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Dairy products, calcium, and prostate cancer risk: a systematic review and meta-analysis of cohort studies

Publication: Am J Clin Nutr., Volume 101, Issue 1, January 2015, Pages 87-117

Background:
Dairy product and calcium intakes have been associated with increased prostate cancer risk, but whether specific dairy products or calcium sources are associated with risk is unclear.

Objective:
In the Continuous Update Project, we conducted a meta-analysis of prospective studies on intakes of dairy products and calcium and prostate cancer risk.

Design:
PubMed and several other databases were searched up to April 2013. Summary RRs were estimated by using a random-effects model.

Results:
Thirty-two studies were included. Intakes of total dairy products [summary RR: 1.07 (95% CI: 1.02, 1.12; n = 15) per 400 g/d], total milk [summary RR: 1.03 (95% CI: 1.00, 1.07; n = 14) per 200 g/d], low-fat milk [summary RR: 1.06 (95% CI: 1.01, 1.11; n = 6) per 200 g/d], cheese [summary RR: 1.09 (95% CI: 1.02, 1.18; n = 11) per 50 g/d], and dietary calcium [summary RR: 1.05 (95% CI: 1.02, 1.09; n = 15) per 400 mg/d] were associated with increased total prostate cancer risk. Total calcium and dairy calcium intakes, but not nondairy calcium or supplemental calcium intakes, were also positively associated with total prostate cancer risk. Supplemental calcium was associated with increased risk of fatal prostate cancer.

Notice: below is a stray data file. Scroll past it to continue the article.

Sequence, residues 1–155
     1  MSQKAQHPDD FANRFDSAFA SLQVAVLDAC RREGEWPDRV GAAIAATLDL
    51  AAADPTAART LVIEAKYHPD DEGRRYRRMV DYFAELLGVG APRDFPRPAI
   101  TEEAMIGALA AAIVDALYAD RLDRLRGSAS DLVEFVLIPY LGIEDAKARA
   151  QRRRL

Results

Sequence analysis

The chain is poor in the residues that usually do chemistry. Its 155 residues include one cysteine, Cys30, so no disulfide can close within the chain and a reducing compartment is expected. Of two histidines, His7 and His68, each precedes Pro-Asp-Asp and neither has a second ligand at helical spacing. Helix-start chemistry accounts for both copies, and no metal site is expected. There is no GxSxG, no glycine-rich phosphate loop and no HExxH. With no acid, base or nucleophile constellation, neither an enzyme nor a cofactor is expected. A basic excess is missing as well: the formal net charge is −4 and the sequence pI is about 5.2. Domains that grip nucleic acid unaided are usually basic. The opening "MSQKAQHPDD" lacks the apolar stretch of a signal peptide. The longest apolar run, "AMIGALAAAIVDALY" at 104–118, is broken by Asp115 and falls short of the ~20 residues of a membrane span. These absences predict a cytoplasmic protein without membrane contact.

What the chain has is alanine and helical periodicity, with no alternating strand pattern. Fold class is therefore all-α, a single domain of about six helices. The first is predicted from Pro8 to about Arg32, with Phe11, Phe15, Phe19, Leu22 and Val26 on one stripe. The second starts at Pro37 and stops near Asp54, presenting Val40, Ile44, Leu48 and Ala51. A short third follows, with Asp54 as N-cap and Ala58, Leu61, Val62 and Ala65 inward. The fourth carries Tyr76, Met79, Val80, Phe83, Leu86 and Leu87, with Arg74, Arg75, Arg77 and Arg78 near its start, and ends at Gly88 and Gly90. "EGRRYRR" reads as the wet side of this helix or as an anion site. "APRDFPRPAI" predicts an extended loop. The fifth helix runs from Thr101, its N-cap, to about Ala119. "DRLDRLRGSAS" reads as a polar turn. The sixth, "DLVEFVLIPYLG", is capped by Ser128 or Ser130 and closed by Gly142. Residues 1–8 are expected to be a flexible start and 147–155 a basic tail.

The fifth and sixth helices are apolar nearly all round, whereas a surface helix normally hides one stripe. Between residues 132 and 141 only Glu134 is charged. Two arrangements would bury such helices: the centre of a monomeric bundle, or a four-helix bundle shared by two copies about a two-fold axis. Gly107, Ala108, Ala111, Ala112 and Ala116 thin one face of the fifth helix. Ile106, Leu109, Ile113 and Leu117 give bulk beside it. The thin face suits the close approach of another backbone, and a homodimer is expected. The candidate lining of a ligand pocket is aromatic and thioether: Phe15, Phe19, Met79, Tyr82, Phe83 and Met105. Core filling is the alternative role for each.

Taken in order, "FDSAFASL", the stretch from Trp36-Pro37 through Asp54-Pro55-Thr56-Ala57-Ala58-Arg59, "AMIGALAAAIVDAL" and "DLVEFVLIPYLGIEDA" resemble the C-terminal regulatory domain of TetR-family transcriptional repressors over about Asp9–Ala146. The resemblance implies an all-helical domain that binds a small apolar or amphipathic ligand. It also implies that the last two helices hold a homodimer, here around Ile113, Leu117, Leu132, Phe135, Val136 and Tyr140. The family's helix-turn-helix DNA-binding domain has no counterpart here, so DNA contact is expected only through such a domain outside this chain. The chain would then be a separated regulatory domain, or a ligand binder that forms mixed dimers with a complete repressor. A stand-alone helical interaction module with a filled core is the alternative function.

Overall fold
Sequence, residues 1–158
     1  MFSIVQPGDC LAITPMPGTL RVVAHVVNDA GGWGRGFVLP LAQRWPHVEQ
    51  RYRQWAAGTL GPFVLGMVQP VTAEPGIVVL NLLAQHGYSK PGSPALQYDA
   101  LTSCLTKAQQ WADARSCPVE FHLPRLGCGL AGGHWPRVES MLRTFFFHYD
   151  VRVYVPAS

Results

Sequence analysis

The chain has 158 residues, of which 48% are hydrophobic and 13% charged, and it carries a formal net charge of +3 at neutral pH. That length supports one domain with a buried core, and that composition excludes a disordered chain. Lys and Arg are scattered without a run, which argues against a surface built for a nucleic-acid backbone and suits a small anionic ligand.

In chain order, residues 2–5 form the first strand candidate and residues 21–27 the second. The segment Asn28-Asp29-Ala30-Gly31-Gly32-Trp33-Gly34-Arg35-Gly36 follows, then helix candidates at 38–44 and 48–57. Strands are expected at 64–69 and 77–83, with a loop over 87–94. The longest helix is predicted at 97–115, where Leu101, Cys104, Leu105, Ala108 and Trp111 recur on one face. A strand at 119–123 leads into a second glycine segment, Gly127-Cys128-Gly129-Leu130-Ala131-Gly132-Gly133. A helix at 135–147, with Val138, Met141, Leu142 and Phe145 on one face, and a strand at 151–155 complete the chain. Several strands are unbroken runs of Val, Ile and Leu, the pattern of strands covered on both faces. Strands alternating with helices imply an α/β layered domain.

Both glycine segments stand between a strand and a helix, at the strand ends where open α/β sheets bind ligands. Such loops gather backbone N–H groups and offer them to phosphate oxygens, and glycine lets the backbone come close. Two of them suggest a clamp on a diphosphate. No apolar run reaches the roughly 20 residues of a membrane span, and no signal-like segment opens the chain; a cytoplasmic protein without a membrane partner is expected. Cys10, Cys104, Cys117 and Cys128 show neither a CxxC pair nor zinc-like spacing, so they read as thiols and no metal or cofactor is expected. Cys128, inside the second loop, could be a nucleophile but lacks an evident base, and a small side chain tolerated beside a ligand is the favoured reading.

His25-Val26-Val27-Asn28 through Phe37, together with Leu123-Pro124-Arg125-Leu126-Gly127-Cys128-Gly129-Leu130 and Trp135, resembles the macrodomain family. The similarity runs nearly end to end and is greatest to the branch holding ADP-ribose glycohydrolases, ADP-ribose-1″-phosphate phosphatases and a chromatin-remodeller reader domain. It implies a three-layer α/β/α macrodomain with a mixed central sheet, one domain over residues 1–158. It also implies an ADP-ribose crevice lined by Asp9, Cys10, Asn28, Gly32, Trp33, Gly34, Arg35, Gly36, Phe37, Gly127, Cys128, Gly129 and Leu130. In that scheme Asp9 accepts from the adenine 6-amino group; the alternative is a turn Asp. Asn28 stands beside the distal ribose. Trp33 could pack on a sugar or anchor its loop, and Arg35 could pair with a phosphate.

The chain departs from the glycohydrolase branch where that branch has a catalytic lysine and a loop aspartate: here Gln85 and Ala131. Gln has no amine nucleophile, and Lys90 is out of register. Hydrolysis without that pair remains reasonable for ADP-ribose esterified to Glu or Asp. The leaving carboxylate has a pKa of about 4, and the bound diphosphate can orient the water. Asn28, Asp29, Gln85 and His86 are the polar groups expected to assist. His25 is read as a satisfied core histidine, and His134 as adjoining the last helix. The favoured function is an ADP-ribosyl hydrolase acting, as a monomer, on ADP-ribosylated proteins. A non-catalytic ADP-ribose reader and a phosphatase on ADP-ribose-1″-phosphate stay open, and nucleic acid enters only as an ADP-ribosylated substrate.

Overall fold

Conclusions:
High intakes of dairy products, milk, low-fat milk, cheese, and total, dietary, and dairy calcium, but not supplemental or nondairy calcium, may increase total prostate cancer risk. The diverging results for types of dairy products and sources of calcium suggest that other components of dairy rather than fat and calcium may increase prostate cancer risk. Any additional studies should report detailed results for subtypes of prostate cancer.

Commented by Henk van der Poel

In this meta-analysis on 32 studies, dairy products and calcium intake increased the risk of prostate cancer 3-7%. In line with an earlier meta-analysis (Bristow et al., Br J Nutr. 2013 Oct;110(8):1384-93) the use of supplemental nondairy calcium was not found to increase the incidence of prostate cancer but did increase the risk of fatal prostate cancer – an interesting observation. Whether the fact that it took more than one year for the manuscript to be accepted for publication reflects the complexity and therefore the applicability of the results remains to be determined.